Photo courtesy of VIFF
DIR: Yoon Jongbin| Dragons and Tigers | South Korea | 2012 | 133 mins | Korean
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Choi Ikhyun (played by Oldboy’s Choi Minsik) has got to be the most unlikely gangster to ever exist, he can’t even beat up an old Hotel owner without falling over. In fact, he can’t seem to do anything right, at least not on purpose.
The opening scene is exactly what this movie is going to be like: violent, graphic and very funny. If you dislike watching people getting beat up with bats or sticks, do not watch this film. The director and writer Yoon Jongbin has a Tarantino-like touch in his third full-length film.
Vocabulary is important and here is why, at the beginning of the film we are introduced to the word “daebu”, which means “boss”, “godfather” or “grandfather” in Korean. If this all sounds familiar, you should also know that it appears this is not the first film about gangsters trying to get into the casino business, which leads me to believe that maybe Choi Ikhyun never saw The Godfather trilogy or Casino for that matter, but I’ll get to that in a minute.
After being fired from his mundane and underpaid job as a customs official, the unlikely gangster has a break of luck when a corrupt co-worker tells him about a stash of drugs they recently confiscated. He decides to set up a meeting with a known thug. The meeting goes terribly wrong after Choi starts insulting the thug. In an attempt to fix things he tells the gangster that they belong to the same family clan and therefore he should be respected as an elder.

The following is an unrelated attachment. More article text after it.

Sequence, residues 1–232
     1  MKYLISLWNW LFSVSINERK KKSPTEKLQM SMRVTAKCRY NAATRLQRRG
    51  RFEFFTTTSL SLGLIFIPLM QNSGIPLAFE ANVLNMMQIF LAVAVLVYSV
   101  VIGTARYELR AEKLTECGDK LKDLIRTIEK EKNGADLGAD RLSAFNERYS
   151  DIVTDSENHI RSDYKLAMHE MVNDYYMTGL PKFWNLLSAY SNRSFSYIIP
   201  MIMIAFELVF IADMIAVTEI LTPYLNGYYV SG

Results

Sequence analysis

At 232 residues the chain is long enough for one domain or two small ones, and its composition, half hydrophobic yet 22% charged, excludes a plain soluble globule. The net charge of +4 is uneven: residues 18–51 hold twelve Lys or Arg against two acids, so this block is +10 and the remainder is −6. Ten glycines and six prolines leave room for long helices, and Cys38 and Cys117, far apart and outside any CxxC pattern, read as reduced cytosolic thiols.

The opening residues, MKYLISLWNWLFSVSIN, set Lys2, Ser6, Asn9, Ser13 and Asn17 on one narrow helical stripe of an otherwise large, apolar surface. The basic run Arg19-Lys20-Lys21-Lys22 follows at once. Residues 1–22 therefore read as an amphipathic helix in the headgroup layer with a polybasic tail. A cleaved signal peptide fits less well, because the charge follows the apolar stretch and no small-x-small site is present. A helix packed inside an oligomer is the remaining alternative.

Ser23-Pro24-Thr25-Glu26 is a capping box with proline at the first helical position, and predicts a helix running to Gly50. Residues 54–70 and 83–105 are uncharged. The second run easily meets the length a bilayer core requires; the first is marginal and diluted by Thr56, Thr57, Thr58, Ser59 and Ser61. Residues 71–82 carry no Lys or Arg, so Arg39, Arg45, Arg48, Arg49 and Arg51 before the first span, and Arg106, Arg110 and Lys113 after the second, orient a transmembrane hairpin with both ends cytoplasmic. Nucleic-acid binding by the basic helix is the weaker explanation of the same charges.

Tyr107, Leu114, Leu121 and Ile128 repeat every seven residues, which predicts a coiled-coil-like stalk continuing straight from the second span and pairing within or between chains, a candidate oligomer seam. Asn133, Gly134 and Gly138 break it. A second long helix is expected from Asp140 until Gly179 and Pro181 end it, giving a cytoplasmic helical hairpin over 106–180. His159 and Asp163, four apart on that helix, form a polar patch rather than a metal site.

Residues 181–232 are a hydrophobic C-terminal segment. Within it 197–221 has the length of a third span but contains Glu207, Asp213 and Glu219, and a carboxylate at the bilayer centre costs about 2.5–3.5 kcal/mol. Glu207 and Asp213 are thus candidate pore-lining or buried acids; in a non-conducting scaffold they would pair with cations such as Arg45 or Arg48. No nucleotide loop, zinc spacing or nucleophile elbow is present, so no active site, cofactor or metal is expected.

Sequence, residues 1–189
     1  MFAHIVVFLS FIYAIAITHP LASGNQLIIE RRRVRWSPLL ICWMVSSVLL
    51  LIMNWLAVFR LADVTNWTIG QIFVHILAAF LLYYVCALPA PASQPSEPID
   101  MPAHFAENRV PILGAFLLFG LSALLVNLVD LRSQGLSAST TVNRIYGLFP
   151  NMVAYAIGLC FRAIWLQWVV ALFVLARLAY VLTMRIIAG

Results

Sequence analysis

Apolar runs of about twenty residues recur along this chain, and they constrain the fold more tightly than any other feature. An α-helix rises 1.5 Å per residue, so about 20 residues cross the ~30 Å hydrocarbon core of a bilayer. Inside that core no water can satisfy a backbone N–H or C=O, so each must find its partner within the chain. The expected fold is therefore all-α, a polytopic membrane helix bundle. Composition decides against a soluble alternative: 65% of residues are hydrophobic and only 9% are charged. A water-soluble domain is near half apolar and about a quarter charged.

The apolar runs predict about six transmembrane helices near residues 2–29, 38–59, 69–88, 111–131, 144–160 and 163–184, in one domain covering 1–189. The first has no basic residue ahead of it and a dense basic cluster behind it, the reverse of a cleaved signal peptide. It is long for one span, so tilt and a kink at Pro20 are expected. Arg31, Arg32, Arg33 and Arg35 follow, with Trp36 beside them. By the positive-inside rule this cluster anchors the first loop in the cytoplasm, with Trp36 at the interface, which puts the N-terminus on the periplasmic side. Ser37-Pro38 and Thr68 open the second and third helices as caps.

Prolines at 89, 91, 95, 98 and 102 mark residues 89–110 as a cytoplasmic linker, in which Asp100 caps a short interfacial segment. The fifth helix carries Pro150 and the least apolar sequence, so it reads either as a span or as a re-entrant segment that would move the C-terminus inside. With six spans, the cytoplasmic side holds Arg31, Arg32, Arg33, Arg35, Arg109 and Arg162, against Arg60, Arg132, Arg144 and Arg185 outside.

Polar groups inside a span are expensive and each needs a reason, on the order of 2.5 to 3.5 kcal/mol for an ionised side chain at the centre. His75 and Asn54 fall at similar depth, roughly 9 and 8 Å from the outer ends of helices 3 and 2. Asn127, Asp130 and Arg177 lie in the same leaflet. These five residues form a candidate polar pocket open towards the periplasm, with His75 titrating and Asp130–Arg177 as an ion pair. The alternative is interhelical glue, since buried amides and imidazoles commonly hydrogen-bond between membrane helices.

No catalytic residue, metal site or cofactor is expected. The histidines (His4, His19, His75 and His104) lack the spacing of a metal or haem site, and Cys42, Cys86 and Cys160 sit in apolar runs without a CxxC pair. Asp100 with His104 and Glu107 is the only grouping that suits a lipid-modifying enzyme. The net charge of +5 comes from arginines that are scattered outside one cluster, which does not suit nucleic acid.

At this point I’m not sure if Choi is a genius or just incredibly lucky, but the thug buys it and starts calling him “daebu”, and thus, his gangster life begins.
At first, Choi manages to stay afloat getting some good business deals with the help of his “grandson.” Yet, success is not eternal and after looking into the casino business (note to gangsters: casinos are always a cause for sorrow) and some betrayals (mostly caused by Choi’s desire and failure to be respected and feared), the political situation changes in South Korea, and with it starts the downfall of organized crime.
Yoon Jongbin’s film is both satirical and entertaining in a universal way, obviously taking some pointers from the so-called “Hollywood Renaissance” aka Scorsese and Coppola, as well as Tarantino. It comes as no surprise that Nameless Gangster was the year’s highest grossing film in South Korea.
The ending is possibly one of the best punch lines I have ever seen, reflecting the reality and hypocrisy of politicians and their relationship with organized crime, proving that the ones all the way at the top are usually the dirtiest of all.
Aurora Tejeida is from Mexico City and spends most of her time thinking about how hard it is to find decent tacos in Vancouver. The rest of her time is spent being a student at the UBC Graduate School of Journalism and consuming as many books and movies as she can get her hands on. Follow her on Twitter @AuroBots